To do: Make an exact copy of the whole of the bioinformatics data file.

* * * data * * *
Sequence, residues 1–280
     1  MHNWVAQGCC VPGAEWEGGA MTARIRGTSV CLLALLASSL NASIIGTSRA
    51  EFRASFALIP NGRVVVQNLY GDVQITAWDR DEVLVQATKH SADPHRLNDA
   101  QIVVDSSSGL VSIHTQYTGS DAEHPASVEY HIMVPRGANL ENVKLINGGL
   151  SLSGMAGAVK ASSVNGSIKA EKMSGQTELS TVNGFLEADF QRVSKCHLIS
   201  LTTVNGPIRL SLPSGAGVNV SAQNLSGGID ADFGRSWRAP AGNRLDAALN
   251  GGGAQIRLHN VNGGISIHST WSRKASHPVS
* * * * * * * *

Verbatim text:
Sequence, residues 1–280
     1  MHNWVAQGCC VPGAEWEGGA MTARIRGTSV CLLALLASSL NASIIGTSRA
    51  EFRASFALIP NGRVVVQNLY GDVQITAWDR DEVLVQATKH SADPHRLNDA
   101  QIVVDSSSGL VSIHTQYTGS DAEHPASVEY HIMVPRGANL ENVKLINGGL
   151  SLSGMAGAVK ASSVNGSIKA EKMSGQTELS TVNGFLEADF QRVSKCHLIS
   201  LTTVNGPIRL SLPSGAGVNV SAQNLSGGID ADFGRSWRAP AGNRLDAALN
   251  GGGAQIRLHN VNGGISIHST WSRKASHPVS